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Ardennes(ärdĕn`), department (1990 pop. 295,700), NE France, in Champage, Grand Est region. The capital is Charleville-MézièresCharleville-Mézières
, town (1990 pop. 59,439), capital of Ardennes dept., NE France, on the Meuse River, in Champagne. It was formed in 1966 when the twin cities of Charleville and Mézières were merged, along with three small communities.
..... Click the link for more information. . Ardennes is also the name of a section of the eastern branch of an ancient mountain chain resulting from Hercynium folding between 345 million and 225 million years ago. The western edge of the chain is located in France, while the remainder extends into Belgium, Luxembourg, and Germany.
Ardennes,wooded plateau, from 1,600 to 2,300 ft (488–701 m) high, in SE Belgium, N Luxembourg, and Ardennes dept., N France, E and S of the Meuse River. The plateau is cut into wild crags and ravines by rapid rivers. Agriculture and cattle raising are the main occupations of this sparsely populated region. Peat bogs are found in shallow depressions. In Germany, the Ardennes is continued by the Eifel. The chief cities (LiègeLiège,
Du. Luik, Ger. Lüttich, city (1991 pop. 194,596), capital of Liège prov., E Belgium, at the confluence of the Meuse and Ourthe rivers, near the Dutch and German borders.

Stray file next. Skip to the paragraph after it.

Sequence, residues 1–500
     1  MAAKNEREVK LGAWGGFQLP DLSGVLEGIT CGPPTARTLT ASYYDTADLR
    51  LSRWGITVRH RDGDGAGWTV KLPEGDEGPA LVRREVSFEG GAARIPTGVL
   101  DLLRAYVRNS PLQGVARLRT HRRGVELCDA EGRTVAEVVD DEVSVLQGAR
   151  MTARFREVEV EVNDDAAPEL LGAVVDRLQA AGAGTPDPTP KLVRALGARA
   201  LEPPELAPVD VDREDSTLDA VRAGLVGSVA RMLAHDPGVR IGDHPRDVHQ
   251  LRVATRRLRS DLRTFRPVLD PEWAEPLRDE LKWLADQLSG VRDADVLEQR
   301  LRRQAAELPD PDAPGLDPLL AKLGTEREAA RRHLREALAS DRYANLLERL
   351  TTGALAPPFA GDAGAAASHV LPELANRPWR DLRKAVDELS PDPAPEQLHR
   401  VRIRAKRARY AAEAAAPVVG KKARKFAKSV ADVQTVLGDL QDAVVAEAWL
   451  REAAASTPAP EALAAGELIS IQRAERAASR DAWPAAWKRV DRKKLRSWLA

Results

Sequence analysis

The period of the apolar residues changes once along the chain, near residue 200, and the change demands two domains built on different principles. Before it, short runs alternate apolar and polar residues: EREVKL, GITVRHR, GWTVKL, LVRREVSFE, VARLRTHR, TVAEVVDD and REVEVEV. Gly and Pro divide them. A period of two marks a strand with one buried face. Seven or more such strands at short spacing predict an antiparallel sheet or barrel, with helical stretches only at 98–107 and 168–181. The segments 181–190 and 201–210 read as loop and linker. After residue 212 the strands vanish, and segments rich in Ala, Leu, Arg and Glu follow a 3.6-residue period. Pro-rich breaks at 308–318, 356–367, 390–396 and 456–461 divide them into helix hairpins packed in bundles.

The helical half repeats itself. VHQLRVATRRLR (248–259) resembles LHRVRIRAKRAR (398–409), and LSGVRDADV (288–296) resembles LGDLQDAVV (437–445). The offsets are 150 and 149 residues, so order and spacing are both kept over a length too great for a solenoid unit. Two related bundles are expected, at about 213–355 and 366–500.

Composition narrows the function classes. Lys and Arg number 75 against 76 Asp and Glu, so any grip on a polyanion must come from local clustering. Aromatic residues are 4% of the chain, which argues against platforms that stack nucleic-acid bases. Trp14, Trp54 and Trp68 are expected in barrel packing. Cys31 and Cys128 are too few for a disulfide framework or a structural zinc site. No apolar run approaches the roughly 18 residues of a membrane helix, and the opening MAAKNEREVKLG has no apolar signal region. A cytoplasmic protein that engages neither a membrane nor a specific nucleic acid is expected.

..... Click the link for more information. , NamurNamur,
Du. Namen, commune (1991 pop. 103,443), capital of Namur prov., S central Belgium, at the confluence of the Meuse and Sambre rivers. It is a commercial and industrial center as well as a rail junction. Manufactures include machinery, leather goods, and porcelain.
..... Click the link for more information. ) are in the Meuse valley. A traditional battleground, the Ardennes saw heavy fighting in both World Wars, notably in the Battle of the BulgeBattle of the Bulge,
popular name in World War II for the German counterattack in the Ardennes, Dec., 1944–Jan., 1945. More than a million men fought in what is also known as the Battle of the Ardennes. On Dec.
..... Click the link for more information. (Dec., 1944–Jan., 1945). Tourism in the area is economically important.
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1. a department of NE France, in Champagne-Ardenne region. Capital: Mézières. Pop.: 288 806 (2003 est.). Area: 5253 sq. km (2049 sq. miles)
2. the. a wooded plateau in SE Belgium, Luxembourg, and NE France: scene of heavy fighting in both World Wars
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